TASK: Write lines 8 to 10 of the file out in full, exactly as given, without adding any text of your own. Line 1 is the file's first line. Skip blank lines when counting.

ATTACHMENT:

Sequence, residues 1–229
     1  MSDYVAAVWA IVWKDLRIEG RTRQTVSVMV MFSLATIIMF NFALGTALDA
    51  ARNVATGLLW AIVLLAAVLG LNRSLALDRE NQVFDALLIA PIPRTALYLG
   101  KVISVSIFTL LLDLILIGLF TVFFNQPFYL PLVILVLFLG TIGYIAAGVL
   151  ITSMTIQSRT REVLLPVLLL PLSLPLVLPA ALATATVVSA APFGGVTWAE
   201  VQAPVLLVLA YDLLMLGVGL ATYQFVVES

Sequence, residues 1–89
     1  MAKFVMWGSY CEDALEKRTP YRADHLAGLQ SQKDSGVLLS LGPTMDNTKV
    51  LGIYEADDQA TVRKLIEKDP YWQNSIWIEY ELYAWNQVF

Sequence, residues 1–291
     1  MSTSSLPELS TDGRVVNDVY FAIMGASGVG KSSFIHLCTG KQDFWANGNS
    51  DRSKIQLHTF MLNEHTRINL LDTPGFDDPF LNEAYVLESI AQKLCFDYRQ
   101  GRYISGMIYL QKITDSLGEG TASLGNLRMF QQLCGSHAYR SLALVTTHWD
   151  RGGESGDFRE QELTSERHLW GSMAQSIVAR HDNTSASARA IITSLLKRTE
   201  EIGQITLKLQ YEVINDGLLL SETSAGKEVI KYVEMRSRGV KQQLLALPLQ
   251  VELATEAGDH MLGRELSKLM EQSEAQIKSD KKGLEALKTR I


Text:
     1  MAKFVMWGSY CEDALEKRTP YRADHLAGLQ SQKDSGVLLS LGPTMDNTKV
    51  LGIYEADDQA TVRKLIEKDP YWQNSIWIEY ELYAWNQVF

Sequence, residues 1–291